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    You only need to disconnect the wire from the Intensity pot to V1B in order to test that pot. You need to disconnect the wire from the 2.7K resistor to the speaker jack in order to measure the 47r and 2.7K resistors. If you don't do these disconnects, you will be measuring parallel resistors instead of single resistors.

    The impedance of the cathode on V1B forms a voltage divider with the Intensity pot. The impedance of the parallel combination of 1.5K and the bypass capacitor decreases as the frequency increases. The intensity of the tremolo effect will decrease as the impedance of the cathode decreases because of the change in the voltage divider. We don't want that because the faster tremolo speeds will have less intensity. We can use a smaller capacitor that will have a higher impedance at the faster speeds, but this also affects the frequency response of the audio signal from V1B. Fender struck a compromise at 10uF. I would have gone with 5uF, but I wasn't there to make the decision.

    The impedance of the cathode at 12Hz is 1.3K with 5uF, 994r with 10uF, and 500r with 25uF. You would want to use either a 5uF or a 10uF capacitor because 25uF has an impedance that is too low for the voltage divider.

    The 25V rating is for DC, which is way more than the 1.7Vdc in this application.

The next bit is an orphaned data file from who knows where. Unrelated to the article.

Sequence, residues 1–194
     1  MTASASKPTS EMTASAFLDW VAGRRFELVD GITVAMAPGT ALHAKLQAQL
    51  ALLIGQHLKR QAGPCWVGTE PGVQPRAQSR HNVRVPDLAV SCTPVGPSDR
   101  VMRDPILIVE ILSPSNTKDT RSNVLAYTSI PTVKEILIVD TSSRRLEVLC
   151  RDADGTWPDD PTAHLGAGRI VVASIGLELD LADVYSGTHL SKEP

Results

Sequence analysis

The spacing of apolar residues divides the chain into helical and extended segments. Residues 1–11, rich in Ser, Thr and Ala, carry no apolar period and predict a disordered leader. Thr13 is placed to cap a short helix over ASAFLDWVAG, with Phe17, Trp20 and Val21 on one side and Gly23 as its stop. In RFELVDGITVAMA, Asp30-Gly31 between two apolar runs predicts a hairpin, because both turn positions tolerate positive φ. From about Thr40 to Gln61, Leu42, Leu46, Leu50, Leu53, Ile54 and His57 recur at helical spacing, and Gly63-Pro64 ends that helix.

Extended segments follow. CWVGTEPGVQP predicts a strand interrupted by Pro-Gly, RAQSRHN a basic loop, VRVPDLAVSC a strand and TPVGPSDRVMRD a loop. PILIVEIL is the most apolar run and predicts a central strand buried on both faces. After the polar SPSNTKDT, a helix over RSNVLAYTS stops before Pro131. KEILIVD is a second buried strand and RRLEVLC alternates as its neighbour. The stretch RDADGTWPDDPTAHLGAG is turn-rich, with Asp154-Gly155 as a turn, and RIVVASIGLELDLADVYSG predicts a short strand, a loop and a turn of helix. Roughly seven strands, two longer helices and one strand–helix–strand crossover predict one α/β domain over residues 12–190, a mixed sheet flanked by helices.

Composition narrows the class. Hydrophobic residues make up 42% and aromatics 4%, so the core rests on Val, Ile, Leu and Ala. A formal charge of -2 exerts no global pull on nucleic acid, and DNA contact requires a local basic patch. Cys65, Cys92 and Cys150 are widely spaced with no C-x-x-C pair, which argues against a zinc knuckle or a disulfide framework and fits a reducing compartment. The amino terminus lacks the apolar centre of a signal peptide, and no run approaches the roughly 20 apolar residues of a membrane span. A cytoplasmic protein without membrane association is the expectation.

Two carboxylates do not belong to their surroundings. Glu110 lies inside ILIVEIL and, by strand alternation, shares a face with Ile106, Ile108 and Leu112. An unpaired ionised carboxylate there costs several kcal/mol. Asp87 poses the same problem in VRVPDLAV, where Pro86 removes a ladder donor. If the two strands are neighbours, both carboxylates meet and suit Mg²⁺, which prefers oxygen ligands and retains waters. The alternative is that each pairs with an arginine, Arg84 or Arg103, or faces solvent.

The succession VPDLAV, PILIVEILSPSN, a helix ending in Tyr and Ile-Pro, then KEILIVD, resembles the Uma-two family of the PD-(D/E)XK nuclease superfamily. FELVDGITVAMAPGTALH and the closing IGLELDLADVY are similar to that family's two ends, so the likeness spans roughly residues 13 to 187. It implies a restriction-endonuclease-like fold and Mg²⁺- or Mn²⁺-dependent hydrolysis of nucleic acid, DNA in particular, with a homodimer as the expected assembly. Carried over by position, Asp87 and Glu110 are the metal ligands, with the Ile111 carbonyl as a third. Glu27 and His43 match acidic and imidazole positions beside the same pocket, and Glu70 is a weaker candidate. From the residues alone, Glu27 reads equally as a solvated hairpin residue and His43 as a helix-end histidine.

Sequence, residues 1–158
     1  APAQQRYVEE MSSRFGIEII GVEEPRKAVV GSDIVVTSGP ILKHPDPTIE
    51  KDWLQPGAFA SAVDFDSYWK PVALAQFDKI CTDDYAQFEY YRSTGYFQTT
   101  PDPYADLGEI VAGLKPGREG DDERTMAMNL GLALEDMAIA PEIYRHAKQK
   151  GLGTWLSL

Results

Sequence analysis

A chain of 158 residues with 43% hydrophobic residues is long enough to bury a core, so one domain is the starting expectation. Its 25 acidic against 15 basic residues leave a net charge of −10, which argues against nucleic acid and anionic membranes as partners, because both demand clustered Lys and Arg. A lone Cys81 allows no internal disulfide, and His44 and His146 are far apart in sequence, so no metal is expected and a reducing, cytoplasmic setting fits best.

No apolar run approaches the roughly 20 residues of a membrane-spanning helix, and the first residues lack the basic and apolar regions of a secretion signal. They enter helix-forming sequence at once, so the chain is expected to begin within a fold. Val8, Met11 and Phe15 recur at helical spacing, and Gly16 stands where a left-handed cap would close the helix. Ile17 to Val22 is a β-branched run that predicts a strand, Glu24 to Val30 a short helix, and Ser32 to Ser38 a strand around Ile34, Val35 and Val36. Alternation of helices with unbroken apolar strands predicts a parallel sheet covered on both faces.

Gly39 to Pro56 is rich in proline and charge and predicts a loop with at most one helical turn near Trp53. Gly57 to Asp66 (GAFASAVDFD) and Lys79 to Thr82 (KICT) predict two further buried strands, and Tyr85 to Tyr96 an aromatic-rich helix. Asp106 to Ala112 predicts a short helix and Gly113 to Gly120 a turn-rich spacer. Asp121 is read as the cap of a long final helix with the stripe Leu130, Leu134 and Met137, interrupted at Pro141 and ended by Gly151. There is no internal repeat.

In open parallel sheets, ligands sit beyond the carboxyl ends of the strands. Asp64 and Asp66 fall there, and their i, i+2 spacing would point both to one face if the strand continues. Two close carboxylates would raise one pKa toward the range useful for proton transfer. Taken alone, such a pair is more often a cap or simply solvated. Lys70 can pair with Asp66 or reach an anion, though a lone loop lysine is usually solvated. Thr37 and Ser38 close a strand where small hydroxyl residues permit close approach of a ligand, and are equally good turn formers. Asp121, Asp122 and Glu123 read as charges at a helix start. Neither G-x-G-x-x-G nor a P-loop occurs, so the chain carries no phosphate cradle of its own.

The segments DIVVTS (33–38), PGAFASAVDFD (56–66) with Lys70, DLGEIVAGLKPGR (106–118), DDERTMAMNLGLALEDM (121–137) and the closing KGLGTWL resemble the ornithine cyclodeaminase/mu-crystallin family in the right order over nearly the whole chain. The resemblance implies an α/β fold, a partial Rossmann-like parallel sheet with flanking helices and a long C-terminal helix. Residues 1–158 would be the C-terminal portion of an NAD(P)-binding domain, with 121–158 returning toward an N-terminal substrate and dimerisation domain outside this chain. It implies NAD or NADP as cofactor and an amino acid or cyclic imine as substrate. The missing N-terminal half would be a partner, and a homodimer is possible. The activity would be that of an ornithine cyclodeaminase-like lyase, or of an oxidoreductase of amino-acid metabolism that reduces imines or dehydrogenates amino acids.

15. OldPup

    OldPup Tele-Meister

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    Thanks for all that info. I will have to read it multiple times to truly digest it. A supplier mistakenly shipped me a 10uF/100V cap. It's not what I ordered, but it's what I have. Can it be used in this amp?

    A couple of updates on the amp. I swapped out the power tube with the 6V6 from my other VC. That cleaned up the amp's sickly sound. The amp is crazy loud for 6 watts! I have a new 6V6 on the way. I was also able to confirm that the stock SFVC's tremolo is discernible from an intensity of 3 on up. Which confirms something is up with the tremolo circuit in the other amp, which is unresponsive until an intensity of 7. I hope to test the pot and get a voltage chart this weekend.
     
  16. Kitarkus

    Kitarkus Tele-Meister

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    I just got a new (to me) 1968 Silverface Bronco (same as VibroChamp). A lot to like about these amps and specifically the vibrato. I had similar experience as you, however, from playing quietly at night I observed that the Vibrato did in fact add a very mild effect from 2-3 on the intensity dial....albeit VERY mild. I get nothing from 1-2 on the dial. Intensity goes up from there....and not with terrific accuracy/sensitivity as you move up the dial. Speed dial is much more sensitive to changes in the dial as compared to the sensitivity of the intensity knob. Your mileage may vary...I do not have a lot of experience with large numbers of these amps....but thought my experience might help.

    These amps seem to have decent pots....but the pots certainly do not have a good 'feel' to them.
     
    Last edited: Jan 23, 2020
  17. OldPup

    OldPup Tele-Meister

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    Oooh... a '68 Bronco. That would be sweet - with or without the drip edge! Have you done any work on the amp? If so, did you attempt to rein in the current at the power tube?